• Under this new proposal, instead of providing 18 weeks paid caring time as a minimum, the government want to treat it as a ceiling. That means anyone whose employer provides them with weeks of parental leave will lose an equivalent number of weeks of government support.  
  • What would that mean exactly? Well, for a part-time nurse working in Victoria who is entitled to 10 weeks of employer provided care time for a new baby…
    • Currently they would receive 18 weeks of support from the government at the minimum wage (that's $11,826 total) – which they could top up with their 10 weeks of care time they have negotiated into their employment contract (total of $7,200). That comes to $19,026 – or enough for two parents and a newborn to cover living expenses for about 11 weeks.
    • Under what the government is proposing, a nurse with 10 weeks of employer care negotiated into her contract at ($7,200), would have 10 weeks of their leave cut. That means government support would be reduced to 8 weeks (at the minimum wage - that’s $5,256). That mans the new family would be left with just $12,456. That’s enough to cover that family’s expenses for about 7 weeks.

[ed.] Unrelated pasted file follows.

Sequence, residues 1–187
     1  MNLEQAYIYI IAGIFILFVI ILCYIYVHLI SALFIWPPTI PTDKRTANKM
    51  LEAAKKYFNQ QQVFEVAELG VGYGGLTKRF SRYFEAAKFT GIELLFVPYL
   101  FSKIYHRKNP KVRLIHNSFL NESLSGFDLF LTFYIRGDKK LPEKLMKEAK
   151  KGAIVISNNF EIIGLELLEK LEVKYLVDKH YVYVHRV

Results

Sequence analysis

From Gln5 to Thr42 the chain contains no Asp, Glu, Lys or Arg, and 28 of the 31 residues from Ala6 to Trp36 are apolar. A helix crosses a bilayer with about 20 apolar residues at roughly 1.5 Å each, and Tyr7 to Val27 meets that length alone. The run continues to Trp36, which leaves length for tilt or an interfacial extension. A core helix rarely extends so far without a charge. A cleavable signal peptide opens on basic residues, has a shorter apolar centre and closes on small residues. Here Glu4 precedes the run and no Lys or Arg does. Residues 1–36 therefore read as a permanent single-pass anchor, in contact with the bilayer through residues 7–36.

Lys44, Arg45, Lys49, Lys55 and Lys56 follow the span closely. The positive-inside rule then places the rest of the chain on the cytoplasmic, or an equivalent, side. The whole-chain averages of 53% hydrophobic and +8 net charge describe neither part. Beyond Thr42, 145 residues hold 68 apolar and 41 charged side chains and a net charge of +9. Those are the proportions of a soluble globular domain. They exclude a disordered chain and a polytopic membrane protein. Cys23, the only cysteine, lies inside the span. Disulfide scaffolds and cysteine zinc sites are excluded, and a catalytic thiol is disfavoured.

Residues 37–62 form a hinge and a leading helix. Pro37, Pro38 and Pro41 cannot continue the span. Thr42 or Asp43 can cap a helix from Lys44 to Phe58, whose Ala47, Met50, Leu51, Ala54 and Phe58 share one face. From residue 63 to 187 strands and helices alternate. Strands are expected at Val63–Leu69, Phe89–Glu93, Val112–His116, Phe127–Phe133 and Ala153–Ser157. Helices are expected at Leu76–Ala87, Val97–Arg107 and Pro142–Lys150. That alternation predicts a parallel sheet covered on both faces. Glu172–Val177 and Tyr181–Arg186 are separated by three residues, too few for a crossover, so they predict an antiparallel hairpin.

• The proposal appears to include two other changes, which haven't been explained in detail. Those are:
    • Changes that would mean parental leave is included in the income test for social security payments, a change that would mean $105.1 million less for families over the next four years.
    • Altering the current work test to enable more women to be eligible for parental leave. That’s a positive change --  but it shouldn’t be reliant on cutting the time tens of thousands of other parents have to care for their baby. That’s why it’s critical we let our Senators know we oppose any cuts.

It's important to remember that any cut to paid parental leave can be expected to also exacerbate childcare problems. If primary caregivers are forced back to work early by this change, we can expect flow on effects to hit the already strained childcare system -- which already has enough problems catering for babies between 6-12 months old.

-Find out more - 

  • Paid parental leave: Government to change proposed offerings, Social Services Minister confirms, ABC, 16 December 2015.
  • MYEFO: Christian Porter finds $36 million to soften double-dipping, The Australian, 16 December 2015.

Any cut to parental leave is bad for the country and bad for families. This is an area we should be expanding support, not taking it away. Let’s not forget that when it first looked at the issue of care time for parents, Australia’s own economic advisory body the Productivity Commission recommended parents should have 26 weeks leave as the minimum time needed off work to provide health and welfare benefits to new mothers and newborns.